PORTLAND, Maine (AP) — Nearly 200 asylum seekers from African countries have traded one temporary home in Maine’s largest city for another Wednesday after a basketball arena that served as a shelter closed.
About 10 buses and vans lined up outside the Portland Expo to take 191 occupants and their belongings to motels in Lewiston and Freeport. Both cities are north of Portland.
One of the newcomers blew kisses to onlookers in a show of appreciation for the city, which set up the emergency shelter in April after a flood of people arrived — more than 1,600, mostly from Angola and Congo, since the start of the year.
Communities around the country have been dealing with growing numbers of asylum seekers, and have braced for more as the Biden administration sought to put in place new restrictions after the lifting of pandemic restrictions on asylum.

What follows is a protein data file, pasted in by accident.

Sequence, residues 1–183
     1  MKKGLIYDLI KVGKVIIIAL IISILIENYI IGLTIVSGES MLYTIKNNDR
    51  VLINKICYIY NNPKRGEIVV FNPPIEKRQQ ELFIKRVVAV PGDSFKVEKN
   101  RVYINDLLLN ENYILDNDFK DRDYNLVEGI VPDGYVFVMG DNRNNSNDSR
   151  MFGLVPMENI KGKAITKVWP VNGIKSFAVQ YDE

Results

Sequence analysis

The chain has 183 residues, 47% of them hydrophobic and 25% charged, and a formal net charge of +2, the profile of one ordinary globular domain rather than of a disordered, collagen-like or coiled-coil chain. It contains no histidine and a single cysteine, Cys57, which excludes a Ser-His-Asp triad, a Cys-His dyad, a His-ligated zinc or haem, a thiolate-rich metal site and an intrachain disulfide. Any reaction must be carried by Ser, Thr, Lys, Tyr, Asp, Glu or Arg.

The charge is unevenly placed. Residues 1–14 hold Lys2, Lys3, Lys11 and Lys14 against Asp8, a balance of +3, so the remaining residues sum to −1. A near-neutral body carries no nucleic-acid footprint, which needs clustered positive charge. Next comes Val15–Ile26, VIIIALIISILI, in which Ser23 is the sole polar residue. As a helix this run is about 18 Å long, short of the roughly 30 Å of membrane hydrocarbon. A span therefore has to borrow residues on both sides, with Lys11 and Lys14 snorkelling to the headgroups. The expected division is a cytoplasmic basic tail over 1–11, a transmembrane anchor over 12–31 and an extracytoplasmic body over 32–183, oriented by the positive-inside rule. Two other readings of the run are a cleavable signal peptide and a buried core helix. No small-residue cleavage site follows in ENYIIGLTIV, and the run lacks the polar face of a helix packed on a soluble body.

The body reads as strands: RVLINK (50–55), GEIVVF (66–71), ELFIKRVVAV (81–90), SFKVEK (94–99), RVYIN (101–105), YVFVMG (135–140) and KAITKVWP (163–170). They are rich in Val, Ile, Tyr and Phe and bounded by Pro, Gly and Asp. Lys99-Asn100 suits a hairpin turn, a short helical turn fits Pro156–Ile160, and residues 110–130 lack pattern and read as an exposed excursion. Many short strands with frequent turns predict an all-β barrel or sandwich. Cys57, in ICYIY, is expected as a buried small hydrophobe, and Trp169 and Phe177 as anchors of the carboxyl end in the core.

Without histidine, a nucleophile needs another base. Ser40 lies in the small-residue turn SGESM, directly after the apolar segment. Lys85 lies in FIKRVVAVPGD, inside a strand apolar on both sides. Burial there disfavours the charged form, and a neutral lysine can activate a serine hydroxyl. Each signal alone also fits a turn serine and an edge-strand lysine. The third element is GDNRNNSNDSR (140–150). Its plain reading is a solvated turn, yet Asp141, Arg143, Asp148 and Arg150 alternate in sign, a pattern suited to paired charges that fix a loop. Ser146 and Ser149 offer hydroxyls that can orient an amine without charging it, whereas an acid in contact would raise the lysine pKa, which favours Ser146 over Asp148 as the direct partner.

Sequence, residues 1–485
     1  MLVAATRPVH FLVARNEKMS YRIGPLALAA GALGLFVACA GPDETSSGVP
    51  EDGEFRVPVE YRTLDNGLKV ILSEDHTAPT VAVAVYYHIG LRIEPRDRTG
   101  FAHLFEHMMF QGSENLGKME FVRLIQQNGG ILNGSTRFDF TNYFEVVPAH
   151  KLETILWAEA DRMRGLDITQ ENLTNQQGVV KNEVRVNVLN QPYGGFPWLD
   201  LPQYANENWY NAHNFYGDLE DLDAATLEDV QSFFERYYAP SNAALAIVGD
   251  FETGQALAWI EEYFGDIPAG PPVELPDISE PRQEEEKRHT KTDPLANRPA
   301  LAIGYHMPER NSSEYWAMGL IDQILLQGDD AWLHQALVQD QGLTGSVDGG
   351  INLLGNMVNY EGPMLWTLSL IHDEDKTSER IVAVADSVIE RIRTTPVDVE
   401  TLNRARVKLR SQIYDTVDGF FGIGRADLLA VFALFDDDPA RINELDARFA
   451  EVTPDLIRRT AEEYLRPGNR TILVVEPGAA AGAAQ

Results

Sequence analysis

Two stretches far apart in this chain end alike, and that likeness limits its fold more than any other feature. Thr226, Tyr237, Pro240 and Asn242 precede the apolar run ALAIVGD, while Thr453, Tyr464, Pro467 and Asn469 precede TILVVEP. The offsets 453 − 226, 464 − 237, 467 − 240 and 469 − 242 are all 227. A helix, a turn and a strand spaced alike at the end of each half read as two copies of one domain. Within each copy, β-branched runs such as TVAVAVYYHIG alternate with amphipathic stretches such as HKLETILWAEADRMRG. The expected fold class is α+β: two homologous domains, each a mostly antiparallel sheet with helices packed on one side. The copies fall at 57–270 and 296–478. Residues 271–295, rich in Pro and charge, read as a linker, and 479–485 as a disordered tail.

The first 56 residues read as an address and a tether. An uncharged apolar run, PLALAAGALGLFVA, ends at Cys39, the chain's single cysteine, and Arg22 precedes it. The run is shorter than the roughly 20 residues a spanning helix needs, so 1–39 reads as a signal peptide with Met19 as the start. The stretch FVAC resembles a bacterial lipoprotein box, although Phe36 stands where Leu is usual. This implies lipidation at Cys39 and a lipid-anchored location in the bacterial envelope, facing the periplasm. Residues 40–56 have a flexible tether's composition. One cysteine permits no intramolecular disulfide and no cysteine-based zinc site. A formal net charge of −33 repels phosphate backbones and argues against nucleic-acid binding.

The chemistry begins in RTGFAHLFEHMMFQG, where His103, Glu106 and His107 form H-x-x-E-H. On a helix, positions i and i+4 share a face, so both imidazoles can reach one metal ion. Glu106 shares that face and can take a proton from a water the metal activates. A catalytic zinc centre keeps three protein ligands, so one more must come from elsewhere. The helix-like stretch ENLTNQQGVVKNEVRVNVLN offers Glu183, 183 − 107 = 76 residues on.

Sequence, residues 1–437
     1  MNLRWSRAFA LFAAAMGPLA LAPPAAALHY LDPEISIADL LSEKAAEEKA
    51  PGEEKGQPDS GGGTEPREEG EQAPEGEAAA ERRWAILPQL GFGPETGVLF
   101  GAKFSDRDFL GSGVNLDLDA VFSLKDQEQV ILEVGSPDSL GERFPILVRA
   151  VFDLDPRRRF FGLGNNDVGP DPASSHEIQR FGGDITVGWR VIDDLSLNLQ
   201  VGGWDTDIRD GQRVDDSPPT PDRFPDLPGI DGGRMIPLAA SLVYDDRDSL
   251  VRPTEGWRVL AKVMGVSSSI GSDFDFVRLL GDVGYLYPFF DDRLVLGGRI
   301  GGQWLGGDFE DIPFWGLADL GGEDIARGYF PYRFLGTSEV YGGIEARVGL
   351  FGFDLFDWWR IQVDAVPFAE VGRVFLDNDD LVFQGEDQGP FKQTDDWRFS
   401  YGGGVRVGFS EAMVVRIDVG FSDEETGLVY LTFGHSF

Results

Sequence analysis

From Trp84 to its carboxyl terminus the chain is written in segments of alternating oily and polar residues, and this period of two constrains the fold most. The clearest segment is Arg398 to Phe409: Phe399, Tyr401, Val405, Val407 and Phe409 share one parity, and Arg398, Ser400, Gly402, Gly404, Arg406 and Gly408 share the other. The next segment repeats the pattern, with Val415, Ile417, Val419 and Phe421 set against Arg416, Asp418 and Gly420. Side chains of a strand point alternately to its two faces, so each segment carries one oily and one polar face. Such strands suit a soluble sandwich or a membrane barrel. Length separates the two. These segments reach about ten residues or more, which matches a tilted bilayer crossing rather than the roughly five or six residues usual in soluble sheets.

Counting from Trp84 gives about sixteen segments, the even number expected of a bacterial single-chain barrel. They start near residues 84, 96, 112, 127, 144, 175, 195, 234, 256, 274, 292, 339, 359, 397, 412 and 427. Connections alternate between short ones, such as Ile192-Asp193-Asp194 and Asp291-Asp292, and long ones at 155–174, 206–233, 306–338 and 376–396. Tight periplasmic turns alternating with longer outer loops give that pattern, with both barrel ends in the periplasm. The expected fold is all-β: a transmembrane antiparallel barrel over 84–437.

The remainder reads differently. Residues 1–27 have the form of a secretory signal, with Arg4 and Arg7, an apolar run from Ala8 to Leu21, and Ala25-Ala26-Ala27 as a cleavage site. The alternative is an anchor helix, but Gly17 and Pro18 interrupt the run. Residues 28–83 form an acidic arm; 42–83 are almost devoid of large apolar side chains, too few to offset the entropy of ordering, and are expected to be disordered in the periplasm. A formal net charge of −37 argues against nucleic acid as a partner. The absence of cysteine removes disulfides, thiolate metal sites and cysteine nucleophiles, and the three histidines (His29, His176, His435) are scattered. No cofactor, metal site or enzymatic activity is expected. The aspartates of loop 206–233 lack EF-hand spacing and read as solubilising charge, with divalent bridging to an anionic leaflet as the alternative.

In Portland, the arrival of newcomers strained city services and coincided with the end of pandemic funding in May, which had allowed many unhoused people to stay in motels. Since then, homeless tent cities have begun growing around the city.
“Our staff have been completely at capacity in terms of who they’re able to shelter and assist,” city spokesperson Jessica Grondin said.
Grondin said she hopes asylum seekers won’t have to be housed in motels for too long as slots open up in the city’s family shelter. The motel costs are expected to be about $500,000, on top of about $540,000 spent for temporary housing at the arena. But the city won’t have to pick up the entire tab for those costs since the state will contribute, she said.
Asylum seekers first began arriving in large numbers in 2019, many arriving with harrowing tales of their escape from violence and poverty in their homelands.
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